Riddle me this. What is Chicago lacking that San Francisco, San Diego and Boston aren’t? This column is going to digress just a little from the Roseland/Pullman/Kensington theme and go with the topic of our heritage. Diminished neighborhoods whether through racial changes, younger family members moving to the suburbs, or urban sprawl, as in the ever expanding University of Illinois at Chicago Circle Campus, have led to a lack of cohesion in maintaining our Italian ethnic connections to our past. One way to do our part in maintaining those connections is by considering the efforts of our friend, Dominic Candeloro.
Dominic has been putting a major effort into the establishment of an Italian American Studies program at Loyola University. The centerpiece of an Italian American Studies program would be an endowed, tenured professor who would research, preserve and promote Italian American culture. Dominic is fundraising to establish this chair at Loyola and I found a reason to wholeheartedly agree with him.
Recently, I visited my son James and my daughter-in-law Heather in Newport, R.I., where he is attending the master’s program at the Naval Warfare College. One of the walks we took was following Boston’s Freedom Trail, which began at the USS Constitution as a red-brick path in the middle of the sidewalk and ambled through the city, highlighting historic places. One of the places was the Home of Paul Revere, which happens to be across the street from Sacred Heart Italian Church, which was begun by the Scalabrinian Order, just as our St. Anthony’s on Kensington Avenue was.
We walked a few more blocks and found ourselves in Boston’s Little Italy, where we bought a freshly made Italian sub sandwich before moving on a few more blocks to Mike’s Pastries for a few cannolis. Our next stop was a four-block walk out of Little Italy to Boston Common’s Park, where we sat on the grass and had our Italian feast.
That trip recalled the time I visited San Francisco with my son a few years ago. My son did a condo exchange and we stayed in a condo in the Knob Hill neighborhood. We had great views and were down the block from the ‘Four Hotels’ area where Caruso had stayed during the 1908 earthquake.
Of all the sights we saw and things we did, the best was to take part in a walking tour that took us through Little Italy and began with an Italian breakfast of espresso and a pastry and ended with a visit to an Italian pizza bakery down the street from Joe DiMaggio’s Restaurant. In the ensuing days, as we toured the city, we found ourselves drawn to the Little Italy neighborhood for dining.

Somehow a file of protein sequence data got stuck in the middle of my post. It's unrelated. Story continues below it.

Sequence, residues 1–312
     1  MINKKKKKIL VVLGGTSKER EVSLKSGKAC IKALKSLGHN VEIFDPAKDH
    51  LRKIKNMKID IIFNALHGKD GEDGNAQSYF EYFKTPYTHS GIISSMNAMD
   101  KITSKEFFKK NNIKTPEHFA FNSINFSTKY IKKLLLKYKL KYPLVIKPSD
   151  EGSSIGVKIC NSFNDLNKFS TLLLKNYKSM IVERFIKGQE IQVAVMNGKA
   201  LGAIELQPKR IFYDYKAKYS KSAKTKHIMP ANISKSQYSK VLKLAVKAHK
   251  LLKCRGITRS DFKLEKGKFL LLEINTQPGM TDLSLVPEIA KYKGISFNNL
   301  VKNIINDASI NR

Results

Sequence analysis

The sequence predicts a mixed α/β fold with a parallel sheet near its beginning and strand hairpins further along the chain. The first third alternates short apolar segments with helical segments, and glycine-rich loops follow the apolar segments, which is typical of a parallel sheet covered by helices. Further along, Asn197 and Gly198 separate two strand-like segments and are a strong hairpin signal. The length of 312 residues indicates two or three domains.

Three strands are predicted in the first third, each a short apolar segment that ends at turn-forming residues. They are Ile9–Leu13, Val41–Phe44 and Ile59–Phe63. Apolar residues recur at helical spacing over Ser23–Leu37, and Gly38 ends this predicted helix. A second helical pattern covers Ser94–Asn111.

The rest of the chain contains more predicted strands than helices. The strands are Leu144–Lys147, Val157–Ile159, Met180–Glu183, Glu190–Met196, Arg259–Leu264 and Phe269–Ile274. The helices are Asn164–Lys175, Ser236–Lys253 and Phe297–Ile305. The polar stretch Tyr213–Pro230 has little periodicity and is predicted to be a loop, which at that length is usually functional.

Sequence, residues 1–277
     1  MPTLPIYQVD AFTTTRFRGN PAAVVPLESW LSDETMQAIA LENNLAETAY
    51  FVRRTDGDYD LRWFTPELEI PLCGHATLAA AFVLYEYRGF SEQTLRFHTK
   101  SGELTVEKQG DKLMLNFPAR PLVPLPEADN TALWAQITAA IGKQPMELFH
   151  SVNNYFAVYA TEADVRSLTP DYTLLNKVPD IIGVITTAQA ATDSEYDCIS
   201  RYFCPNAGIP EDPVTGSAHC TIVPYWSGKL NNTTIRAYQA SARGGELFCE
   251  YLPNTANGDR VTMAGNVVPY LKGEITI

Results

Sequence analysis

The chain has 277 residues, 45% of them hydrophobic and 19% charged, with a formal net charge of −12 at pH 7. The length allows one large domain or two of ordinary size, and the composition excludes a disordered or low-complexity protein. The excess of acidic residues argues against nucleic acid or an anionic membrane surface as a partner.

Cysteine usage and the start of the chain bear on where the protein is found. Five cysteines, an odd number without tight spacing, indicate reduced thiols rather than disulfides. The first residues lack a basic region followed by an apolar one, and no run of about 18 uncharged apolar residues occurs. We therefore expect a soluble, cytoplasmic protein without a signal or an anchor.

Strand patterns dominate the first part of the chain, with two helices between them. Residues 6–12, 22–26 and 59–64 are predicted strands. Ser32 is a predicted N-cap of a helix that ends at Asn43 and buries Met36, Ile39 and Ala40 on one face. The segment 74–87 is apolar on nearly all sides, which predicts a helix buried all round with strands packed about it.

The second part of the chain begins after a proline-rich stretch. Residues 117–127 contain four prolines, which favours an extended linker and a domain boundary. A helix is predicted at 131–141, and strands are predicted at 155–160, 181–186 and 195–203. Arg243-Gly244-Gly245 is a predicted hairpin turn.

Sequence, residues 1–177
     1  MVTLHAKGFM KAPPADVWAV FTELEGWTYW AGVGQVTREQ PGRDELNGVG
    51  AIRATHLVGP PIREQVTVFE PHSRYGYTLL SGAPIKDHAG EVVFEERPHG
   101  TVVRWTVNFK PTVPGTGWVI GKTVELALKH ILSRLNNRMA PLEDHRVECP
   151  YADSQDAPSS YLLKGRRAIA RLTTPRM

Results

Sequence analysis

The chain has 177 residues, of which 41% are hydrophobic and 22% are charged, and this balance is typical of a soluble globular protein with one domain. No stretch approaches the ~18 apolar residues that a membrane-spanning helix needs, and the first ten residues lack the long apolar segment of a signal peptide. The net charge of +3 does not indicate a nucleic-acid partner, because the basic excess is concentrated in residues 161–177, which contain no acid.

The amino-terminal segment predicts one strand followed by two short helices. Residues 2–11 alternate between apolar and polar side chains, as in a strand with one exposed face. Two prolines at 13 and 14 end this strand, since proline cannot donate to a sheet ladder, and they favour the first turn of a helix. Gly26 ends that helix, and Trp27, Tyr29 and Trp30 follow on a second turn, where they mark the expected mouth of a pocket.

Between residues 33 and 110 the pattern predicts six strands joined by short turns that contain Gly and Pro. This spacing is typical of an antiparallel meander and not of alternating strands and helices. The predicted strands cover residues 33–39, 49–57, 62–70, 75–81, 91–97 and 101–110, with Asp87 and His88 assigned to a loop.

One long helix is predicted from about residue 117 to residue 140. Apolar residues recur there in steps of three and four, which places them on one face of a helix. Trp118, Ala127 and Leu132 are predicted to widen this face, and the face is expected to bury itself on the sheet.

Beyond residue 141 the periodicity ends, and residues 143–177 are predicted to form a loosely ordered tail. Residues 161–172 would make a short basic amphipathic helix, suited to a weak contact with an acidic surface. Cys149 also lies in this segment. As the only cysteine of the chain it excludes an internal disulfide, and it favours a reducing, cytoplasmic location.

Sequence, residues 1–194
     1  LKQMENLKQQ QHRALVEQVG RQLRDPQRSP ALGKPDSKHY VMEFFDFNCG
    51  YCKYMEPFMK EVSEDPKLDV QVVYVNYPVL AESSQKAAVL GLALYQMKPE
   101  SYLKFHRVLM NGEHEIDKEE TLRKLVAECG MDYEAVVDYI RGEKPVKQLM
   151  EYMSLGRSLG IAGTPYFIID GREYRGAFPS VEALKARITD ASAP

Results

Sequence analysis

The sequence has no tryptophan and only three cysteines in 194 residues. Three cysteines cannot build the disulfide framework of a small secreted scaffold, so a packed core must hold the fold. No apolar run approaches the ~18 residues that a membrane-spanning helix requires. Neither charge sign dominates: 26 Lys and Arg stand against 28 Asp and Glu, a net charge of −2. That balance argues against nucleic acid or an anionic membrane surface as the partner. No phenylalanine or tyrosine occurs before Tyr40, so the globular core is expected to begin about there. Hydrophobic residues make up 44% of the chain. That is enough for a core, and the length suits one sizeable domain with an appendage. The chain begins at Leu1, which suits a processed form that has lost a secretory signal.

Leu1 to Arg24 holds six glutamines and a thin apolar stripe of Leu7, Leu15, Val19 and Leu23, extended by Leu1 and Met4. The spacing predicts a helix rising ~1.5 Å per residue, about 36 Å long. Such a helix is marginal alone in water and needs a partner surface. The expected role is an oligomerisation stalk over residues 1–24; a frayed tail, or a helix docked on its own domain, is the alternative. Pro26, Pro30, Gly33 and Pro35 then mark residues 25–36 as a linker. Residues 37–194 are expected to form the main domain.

One of the interesting things about San Francisco’s Little Italy — it’s across the street from the Chinese part of town: as always the Italians and the Chinese, my kid’s two ethnicities.
Being a Navy town, I’ve visited San Diego numerous times. Every time I’ve visited, my son and I have had a meal or two in San Diego’s Little Italy. That area stretches for about a mile and is full of restaurants for every size pocketbook. The residents can be heard on the sidewalk conversing in Italian as they stand outside art galleries and Italian grocery stores, restaurants and delis. One of the best events we attended was a blocks long street market on a Saturday morning where we found plenty of Italian vegetables.
The answer to the riddle: A Little Italy that is more than two delis, four restaurants, and two pizzerias!
Due to Circle Campus being superimposed on what was Chicago’s Little Italy, we now have University Village, which is as nondescript as its name implies. We are losing our Italian heritage and I salute the stalwart families and businesses that in Chicago’s Heart of Italy and Taylor Street are working hard to keep the Italian spirit alive. One way we can ensure that they’re documented before they’re gone forever is to step into the future by helping the cause Dominic has put before us.
I ask that you give some serious thought to offering a donation of any size, to the Loyola University Chair of Italian American Studies. Your donation would help to advance the preservation of our Italian heritage. There will come a time when that heritage will only exist digitally online and this professorship can ensure that the correct steps are taken and that the history is accurate. Our heritage is at a crossroads where our heritage can only be saved if we save it!
Consider writing a check for the price of a good Italian dinner or a day on the golf course. To memorialize your family or to honor your heritage and to ensure that your children’s children and their children will be forever able to delve into their Italian heritage pull out your checkbook. You can make your donation by going to Loyola’s donation pages online or send a check to Abby Leng, Loyola University, 820 N. Michigan Ave., Lewis Towers 1400, Chicago, IL 60611 and write Italian American Studies in the memo area. Thank you for doing your part for our common heritage.